Get to Know
Residency Dates
  • May 1st 2006 to Jul 31st 2006
  • May 17th 2015 to Jun 19th 2015
Region
USA

Carl Pope
was born in 1961 and raised in Indianapolis, Indiana.  He received his M.F.A. in photography from
Indiana University.  He continues to
reside and work in Indianapolis.

Pope’s
artistic practice is committed to the idea of art as a catalyst for individual
and collective transformation. His work has been exhibited at the Museum of
Modern Art, New York, New York and the Museum of Contemporary Photography,
Chicago, Illinois, as well as Tennessee State University, Nashville, Tennessee,
Museum of Contemporary Art, Detroit, Michigan, the Galerie Nouvelles Images,
Den Haag, the Netherlands, and the Mobile Museum of Art, Mobile, Alabama.

Pope has
received support from the Guggenheim Foundation, Lilly Endowment, NEA and Louis
Comfort Tiffany Foundation. He has been honored by the International Peace Belt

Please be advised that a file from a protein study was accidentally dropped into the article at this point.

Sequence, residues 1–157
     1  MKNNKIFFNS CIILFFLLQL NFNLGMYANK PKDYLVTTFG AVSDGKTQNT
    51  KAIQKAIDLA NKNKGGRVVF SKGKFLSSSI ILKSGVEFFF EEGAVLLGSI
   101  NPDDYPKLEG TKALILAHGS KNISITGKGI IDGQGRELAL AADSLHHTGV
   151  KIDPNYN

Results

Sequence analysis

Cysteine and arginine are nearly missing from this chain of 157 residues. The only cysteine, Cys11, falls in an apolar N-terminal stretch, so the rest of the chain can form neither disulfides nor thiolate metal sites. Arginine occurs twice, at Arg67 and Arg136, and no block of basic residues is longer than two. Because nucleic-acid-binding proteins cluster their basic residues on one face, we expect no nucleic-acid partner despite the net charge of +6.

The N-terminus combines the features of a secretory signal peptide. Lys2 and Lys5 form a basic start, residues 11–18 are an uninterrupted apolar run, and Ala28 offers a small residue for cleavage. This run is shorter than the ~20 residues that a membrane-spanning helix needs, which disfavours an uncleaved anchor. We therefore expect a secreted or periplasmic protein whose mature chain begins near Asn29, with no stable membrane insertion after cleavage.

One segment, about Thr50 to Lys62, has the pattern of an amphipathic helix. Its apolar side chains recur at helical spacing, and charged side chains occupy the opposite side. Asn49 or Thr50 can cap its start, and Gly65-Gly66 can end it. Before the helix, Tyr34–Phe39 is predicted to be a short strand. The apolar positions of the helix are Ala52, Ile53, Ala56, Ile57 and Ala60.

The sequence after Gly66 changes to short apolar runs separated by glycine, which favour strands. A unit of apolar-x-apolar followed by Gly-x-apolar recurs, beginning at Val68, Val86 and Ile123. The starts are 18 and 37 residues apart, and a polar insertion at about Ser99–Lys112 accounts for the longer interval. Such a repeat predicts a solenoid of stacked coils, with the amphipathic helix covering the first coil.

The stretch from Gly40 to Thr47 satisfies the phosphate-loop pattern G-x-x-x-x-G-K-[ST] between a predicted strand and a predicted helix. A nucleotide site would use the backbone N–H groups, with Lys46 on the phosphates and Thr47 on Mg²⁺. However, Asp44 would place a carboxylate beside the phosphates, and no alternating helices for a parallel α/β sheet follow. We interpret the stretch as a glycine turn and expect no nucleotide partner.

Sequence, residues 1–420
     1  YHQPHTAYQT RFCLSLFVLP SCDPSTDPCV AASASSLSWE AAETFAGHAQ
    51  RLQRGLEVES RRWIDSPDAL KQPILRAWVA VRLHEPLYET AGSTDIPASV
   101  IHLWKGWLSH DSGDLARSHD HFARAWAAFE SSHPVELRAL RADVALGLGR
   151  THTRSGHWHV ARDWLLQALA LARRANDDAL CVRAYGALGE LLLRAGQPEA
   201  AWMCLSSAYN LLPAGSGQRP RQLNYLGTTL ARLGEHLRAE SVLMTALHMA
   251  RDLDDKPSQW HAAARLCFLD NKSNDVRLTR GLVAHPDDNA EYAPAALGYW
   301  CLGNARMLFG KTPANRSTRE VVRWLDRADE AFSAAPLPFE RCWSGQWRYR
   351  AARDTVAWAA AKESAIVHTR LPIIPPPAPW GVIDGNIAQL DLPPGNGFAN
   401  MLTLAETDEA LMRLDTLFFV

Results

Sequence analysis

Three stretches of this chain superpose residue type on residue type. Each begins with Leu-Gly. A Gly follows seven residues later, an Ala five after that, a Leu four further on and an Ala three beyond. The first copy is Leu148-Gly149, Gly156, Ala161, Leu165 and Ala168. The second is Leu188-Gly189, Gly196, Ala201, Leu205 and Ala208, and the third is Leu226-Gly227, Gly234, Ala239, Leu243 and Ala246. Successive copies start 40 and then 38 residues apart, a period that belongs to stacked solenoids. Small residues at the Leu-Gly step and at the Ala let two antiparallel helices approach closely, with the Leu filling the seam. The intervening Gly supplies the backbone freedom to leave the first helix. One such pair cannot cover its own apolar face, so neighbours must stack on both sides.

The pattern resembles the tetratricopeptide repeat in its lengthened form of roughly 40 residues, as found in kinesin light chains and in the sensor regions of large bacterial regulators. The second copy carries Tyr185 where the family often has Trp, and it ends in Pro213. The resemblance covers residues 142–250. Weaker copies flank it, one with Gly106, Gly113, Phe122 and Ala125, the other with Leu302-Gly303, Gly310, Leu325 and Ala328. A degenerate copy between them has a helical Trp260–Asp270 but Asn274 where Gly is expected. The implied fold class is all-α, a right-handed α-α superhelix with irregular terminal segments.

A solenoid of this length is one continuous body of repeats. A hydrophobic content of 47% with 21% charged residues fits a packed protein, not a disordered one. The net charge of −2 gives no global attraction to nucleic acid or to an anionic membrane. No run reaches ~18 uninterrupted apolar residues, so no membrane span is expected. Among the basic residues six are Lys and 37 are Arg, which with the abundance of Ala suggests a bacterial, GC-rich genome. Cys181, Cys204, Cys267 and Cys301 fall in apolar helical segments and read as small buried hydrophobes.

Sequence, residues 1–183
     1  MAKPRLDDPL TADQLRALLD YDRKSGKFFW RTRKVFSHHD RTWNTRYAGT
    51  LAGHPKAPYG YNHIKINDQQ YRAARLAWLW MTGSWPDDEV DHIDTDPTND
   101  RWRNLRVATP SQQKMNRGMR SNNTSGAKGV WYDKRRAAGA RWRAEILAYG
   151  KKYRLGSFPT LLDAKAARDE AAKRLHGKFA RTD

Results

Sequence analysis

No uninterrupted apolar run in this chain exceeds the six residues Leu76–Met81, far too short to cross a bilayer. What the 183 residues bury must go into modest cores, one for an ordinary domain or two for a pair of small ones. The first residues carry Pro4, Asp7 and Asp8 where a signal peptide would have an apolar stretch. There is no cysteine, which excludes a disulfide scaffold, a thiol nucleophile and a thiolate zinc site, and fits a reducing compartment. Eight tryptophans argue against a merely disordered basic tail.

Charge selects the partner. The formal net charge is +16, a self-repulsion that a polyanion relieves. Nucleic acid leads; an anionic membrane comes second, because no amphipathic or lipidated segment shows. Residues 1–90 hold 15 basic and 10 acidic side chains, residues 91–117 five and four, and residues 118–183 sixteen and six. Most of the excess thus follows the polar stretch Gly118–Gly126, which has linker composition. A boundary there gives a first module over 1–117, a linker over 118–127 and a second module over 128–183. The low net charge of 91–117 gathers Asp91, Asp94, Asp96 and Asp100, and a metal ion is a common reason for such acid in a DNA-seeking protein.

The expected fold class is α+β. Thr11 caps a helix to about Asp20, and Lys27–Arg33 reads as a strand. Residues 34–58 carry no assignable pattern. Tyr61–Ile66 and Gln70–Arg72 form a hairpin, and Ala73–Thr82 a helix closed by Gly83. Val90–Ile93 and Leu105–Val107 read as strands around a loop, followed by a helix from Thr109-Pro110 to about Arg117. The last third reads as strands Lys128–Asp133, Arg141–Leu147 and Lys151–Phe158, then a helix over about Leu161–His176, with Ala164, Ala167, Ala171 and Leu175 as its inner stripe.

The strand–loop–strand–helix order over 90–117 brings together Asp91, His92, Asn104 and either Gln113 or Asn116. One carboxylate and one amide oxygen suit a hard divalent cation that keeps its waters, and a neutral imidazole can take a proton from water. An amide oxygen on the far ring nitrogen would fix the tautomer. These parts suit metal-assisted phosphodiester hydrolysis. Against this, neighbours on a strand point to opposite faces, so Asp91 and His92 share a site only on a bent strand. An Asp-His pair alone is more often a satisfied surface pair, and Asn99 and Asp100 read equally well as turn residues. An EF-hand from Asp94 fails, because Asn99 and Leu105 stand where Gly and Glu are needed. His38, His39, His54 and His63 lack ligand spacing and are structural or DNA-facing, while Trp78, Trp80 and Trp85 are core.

and as a joint fellow with the Baker-Nord Center for the Humanities, Case
Western Reserve University and the Cleveland Institute of Art.  His work gained national and international
attention in “New Photography 6” at the Museum of Modern Art, and “Black Male”
at the Whitney Museum of American Art.

Pope’s works
are included the collections of the George Eastman House/Kodak, Rochester, New
York; Indiana Historical Society, Indianapolis, Indiana; Indianapolis Museum of
Art, Indianapolis, Indiana; Minneapolis Institute of Arts, Minneapolis,
Minnesota; Mobile Museum of Art, Mobile, Alabama; Museum of Modern Art, New
York, New York; St. Louis Art Museum, St. Louis, Missouri; the Children’s
Museum, Indianapolis, Indiana; and the Whitney Museum of American Art, New
York.

In 1999,
Pope’s work method in public art evolved into ongoing collaborative efforts
with artists and communities alike to produce large-scale public art inventions
that stimulate public dialogue and community revitalization with the Cleveland
public poster project.  Concurrently, he
forayed into his internal landscape, producing the video and text installation
“Palimpsest”, which was commissioned by the Wadsworth Anthnaeum with funds from
the Warhol and Lannan Foundations, and was subsequently included in the Whitney
Biennial 2000.

Pope’s
ongoing essay of letterpress posters, “The Bad Air Smelled of Roses” and his
recent billboard projects continue his ongoing exploration into inner space.